It can be a challenge to keep your lawn green and healthy during the hottest months of the year. Here are six ways to reduce brown spots while watering within the new water-wise rules.
1. Make sprinkler repairs. New brown spots are often caused by recent sprinkler system issues. Do a monthly check to scout for leaks and broken, sunken or turned sprinkler heads and make any needed repairs.
2. Schedule your sprinklers wisely. Learn to schedule your sprinkler system based on the type of sprinklers you have. Add in a cycle and soak schedule if you notice water running down the sidewalk before your sprinklers finish watering.
3. Follow smart lawn care practices. Mowing, fertilizing and core aerating regularly create a healthier lawn that is more drought resistant. This fact sheet covers the best practices for the Pikes Peak region.
4. Upgrade to efficient sprinkler heads. Reoccurring brown spots may be due to poor sprinkler coverage. Consider changing your pop-up fixed spray nozzles with high-efficiency multi-stream nozzles, as show in this video, for better coverage and less wind dispersion. These nozzles qualify for rebates.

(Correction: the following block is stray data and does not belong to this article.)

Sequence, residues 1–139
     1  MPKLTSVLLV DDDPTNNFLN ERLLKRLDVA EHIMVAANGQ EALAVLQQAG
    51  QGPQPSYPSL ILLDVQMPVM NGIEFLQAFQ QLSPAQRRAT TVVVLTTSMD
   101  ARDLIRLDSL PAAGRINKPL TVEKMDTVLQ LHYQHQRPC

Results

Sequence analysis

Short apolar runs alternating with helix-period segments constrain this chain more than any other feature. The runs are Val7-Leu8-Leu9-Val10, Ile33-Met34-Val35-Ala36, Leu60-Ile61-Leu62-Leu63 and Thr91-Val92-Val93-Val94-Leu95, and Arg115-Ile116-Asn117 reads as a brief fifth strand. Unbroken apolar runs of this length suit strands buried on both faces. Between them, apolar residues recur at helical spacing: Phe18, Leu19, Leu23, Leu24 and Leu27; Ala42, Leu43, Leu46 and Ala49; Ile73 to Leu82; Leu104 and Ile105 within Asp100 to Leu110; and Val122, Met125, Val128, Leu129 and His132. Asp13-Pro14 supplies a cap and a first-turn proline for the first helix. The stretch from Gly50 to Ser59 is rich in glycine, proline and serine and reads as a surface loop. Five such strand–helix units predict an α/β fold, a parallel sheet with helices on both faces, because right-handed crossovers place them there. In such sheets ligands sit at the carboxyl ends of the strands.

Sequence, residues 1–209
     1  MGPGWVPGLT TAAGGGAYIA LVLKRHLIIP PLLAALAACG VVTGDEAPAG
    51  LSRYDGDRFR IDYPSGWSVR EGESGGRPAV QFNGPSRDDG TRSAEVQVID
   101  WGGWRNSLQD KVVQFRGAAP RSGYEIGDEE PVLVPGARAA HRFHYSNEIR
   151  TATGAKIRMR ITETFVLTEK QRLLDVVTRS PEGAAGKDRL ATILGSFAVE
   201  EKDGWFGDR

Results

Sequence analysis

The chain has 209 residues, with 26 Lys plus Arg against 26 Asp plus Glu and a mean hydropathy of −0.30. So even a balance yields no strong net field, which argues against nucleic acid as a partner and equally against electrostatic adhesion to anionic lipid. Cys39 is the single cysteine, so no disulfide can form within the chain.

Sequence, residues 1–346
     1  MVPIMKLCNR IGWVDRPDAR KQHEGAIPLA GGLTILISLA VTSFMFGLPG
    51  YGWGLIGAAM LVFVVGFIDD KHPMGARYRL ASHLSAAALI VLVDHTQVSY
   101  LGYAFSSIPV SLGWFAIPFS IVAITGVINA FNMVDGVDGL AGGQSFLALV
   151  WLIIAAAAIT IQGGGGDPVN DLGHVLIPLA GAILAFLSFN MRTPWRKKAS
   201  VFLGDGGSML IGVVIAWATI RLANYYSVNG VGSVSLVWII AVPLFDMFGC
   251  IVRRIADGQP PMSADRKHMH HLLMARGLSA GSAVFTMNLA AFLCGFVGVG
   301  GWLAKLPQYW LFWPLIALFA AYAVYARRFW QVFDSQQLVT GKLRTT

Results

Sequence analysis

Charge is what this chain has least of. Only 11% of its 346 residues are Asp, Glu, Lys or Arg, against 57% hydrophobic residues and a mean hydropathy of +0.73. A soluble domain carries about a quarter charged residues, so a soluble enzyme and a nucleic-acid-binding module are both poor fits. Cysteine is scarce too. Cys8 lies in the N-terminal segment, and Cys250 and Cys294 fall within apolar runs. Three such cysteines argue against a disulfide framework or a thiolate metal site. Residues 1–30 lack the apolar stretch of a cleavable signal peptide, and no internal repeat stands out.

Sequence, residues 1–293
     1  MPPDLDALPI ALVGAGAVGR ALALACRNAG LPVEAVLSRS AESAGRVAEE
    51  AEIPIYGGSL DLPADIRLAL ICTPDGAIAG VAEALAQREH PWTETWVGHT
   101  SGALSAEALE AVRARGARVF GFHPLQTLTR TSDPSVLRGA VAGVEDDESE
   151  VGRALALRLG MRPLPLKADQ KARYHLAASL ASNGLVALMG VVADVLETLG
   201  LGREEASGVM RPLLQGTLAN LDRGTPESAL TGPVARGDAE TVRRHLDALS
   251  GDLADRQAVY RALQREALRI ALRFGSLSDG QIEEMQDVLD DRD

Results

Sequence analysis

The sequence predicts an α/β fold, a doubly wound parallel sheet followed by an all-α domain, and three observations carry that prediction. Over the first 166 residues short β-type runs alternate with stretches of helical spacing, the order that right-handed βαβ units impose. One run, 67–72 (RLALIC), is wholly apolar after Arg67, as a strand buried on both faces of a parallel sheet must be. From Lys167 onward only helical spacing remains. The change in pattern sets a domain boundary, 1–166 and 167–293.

5. Take advantage of rain. Skip a watering day when it rains by installing a rain sensor or smart controller. A rain sensor prevents a traditional sprinkler clock from watering when it rains, while a smart controller uses weather data to run your sprinklers only when your grass needs water. Both products qualify for a rebate.
6. Renovate areas where grass is challenging to grow. Large areas, narrow strips and slopes are all challenging places to grow turfgrass. Think about removing the grass and installing low-maintenance water-wise plants instead to improve your landscape’s appearance. Discover alternative options at our Water-wise Demonstration Gardens or our online water-wise landscape photo gallery.
By using smart watering practices you can keep a beautiful lawn that provides a usable outdoor space and enhances your property value. Implementing these solutions will help your grass be as healthy as possible as we steward our community’s watering supply wisely. Learn more at csu.org/waterwiserules.